Over the years, Rockstar has gotten really good at scripting missions. In terms of choreography, music, environments, and animation, the developer knows precisely what it takes to excite, surprise, or empower a player. This could be something on an epic scale, such as Grand Theft Auto 5's multi-part heists, or smaller, lower stakes moments like Arthur and Lenny getting wasted in Red Dead Redemption 2. It's a craft Rockstar has been honing for decades and a hallmark of its open world games.
But there's also something contradictory about the studio's approach to mission design. Rockstar makes some of the biggest, best, most dynamic open worlds in the business. Red Dead Redemption 2 is basically peerless in how alive and reactive it feels. Everything is underpinned by a complex, interlocking simulation, and inquisitive or mischievous players who prod at it are rewarded with a multitude of emergent, memorable moments. This is something else Rockstar has gotten exceptionally good at.
Los Santos isn't as richly layered as Red Dead's Wild West, but it's still an incredible setting, propped up by a simulation that's endlessly fun to experiment with. Yet when it's time for a mission, both RDR 2 and GTA 5 suddenly stiffen up. The simulation no longer matters. You're here to dance to Rockstar's tune, playing each carefully choreographed mission exactly as the developer intended. If you stray from the prescribed path or try to dream up your own solution, you get a slap on the wrist.
Granted, some games are much worse at making the player feel stifled. Assassin's Creed 3 was infamously terrible for this, triggering an instant game over if you dared to try and use your imagination to solve a problem, or navigated the world in a slightly unusual way. Rockstar hides the linearity of the missions well, but those moments where you're punished for venturing outside of the mission bounds, or not performing a task in a certain, specific way, feel increasingly old-fashioned.
I love the story modes in RDR 2 and GTA 5. Despite their length, I've played through both several times—and probably will again. But as the years roll on I'm becoming more aware of the disconnect between the openness and systemic nature of Rockstar's open worlds and how linear the missions within them tend to be. It's a very old school way of designing singleplayer story content, which is strange when you consider how pioneering and innovative the developer is in other areas of its work.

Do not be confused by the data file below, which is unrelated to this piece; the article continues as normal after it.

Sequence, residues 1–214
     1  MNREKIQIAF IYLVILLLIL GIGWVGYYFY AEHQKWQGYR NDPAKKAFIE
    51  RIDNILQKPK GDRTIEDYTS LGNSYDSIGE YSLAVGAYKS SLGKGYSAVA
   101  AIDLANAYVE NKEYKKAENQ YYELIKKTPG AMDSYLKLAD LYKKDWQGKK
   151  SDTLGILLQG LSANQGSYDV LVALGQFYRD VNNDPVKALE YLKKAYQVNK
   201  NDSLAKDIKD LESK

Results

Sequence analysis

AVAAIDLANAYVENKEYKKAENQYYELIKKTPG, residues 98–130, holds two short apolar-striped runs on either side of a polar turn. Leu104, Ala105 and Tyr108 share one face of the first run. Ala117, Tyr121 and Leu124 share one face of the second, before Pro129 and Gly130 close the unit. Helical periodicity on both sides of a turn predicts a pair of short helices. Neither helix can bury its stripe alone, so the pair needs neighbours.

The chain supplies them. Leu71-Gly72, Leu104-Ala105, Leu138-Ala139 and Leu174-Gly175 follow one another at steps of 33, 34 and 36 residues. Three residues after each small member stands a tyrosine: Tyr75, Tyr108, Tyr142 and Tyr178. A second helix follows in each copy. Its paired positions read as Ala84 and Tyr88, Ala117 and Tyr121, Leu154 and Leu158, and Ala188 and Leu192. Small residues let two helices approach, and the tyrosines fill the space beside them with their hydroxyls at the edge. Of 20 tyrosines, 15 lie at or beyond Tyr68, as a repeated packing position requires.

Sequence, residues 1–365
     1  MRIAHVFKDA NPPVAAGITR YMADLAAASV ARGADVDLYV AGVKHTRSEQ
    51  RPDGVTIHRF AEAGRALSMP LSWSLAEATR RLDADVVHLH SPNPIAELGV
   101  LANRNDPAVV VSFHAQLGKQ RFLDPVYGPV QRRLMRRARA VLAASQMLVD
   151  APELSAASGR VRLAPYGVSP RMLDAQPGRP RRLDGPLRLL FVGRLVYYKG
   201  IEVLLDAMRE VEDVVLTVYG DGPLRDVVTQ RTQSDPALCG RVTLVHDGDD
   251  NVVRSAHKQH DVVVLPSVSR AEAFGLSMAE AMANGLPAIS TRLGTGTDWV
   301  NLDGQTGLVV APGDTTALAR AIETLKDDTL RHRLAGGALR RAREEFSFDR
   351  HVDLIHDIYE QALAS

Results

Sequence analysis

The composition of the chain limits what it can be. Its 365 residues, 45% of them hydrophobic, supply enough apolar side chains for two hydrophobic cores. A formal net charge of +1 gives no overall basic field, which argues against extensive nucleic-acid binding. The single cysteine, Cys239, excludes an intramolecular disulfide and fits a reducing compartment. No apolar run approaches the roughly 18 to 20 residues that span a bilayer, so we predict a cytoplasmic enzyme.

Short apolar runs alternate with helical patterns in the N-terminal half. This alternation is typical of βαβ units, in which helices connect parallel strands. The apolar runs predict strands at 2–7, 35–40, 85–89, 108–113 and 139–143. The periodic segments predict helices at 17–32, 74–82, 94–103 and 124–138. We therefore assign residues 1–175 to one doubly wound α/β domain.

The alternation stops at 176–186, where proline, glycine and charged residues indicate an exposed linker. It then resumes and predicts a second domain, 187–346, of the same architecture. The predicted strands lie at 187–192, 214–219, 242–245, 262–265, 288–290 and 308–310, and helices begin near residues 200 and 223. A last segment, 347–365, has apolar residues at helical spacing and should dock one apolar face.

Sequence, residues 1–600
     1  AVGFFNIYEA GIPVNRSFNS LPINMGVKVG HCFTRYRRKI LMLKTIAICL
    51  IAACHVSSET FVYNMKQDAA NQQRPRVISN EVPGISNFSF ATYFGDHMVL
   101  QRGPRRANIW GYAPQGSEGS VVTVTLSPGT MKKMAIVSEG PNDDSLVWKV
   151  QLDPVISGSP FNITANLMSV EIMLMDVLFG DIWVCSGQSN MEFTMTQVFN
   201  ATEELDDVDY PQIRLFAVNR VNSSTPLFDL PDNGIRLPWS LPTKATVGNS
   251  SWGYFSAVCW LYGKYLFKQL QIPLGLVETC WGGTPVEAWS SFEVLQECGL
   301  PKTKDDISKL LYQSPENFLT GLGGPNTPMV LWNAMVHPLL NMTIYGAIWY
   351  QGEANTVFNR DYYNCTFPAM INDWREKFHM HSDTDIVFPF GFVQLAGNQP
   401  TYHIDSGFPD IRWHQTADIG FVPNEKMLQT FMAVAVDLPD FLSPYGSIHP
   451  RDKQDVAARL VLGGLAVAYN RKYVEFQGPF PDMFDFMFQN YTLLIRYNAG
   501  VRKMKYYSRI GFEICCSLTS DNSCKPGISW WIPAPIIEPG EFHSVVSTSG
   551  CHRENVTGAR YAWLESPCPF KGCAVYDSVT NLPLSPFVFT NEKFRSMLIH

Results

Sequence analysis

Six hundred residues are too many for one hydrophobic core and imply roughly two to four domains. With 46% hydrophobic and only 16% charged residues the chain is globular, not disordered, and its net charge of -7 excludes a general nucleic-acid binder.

In future Rockstar games, I'd like to see the line between the world and the story blurred. I still want missions, but ones that take greater advantage of the simulation—similar in philosophy to immersive sims like Dishonored and Deus Ex. If I have to rob a bank in GTA 6, I don't want to be paraded through a series of lavishly produced interactive cutscenes; I want to case the place myself, figure out a cool way to do the job, and creatively react to problems on the fly if something doesn't go to plan.
There's still value in scripted missions. I have nothing against a developer nudging me through a carefully choreographed selection of set-pieces—as long as there's some agency and I'm not just sitting there mindlessly pressing the action button. I just feel like I've done it countless times before. Frankly, Rockstar's worlds deserve better. Imagine a setting as good as Red Dead 2's, but with deep, reactive missions that let you choose your own approach, rather than bending to a level designer's will.
Hell, Kojima Productions already did it 6 years ago. Metal Gear Solid 5: The Phantom Pain is proof positive that it's possible to fill an open world with compelling, non-linear, largely unscripted missions that give the player full control over their approach and execution. It's remarkable how ahead of its time that game was, and how most open world games still pale in comparison to it in many ways. This is a direction I'd love to see Rockstar take the next Grand Theft Auto or Red Dead Redemption in.
The freedom of MGS 5's missions combined with Rockstar's production values, sense of drama, and knack for dreaming up interesting scenarios would be an extremely potent mix. Even a blend of traditional scripted missions with the occasional open-ended objective would be a step in an exciting direction. I enjoy being told stories, but I like making my own too, which is one of the benefits of setting players free in a sandbox instead of telling them where to go and what to do. I like Grand Theft Auto as it is, but I'm ready for something new, and I hope Rockstar is too.
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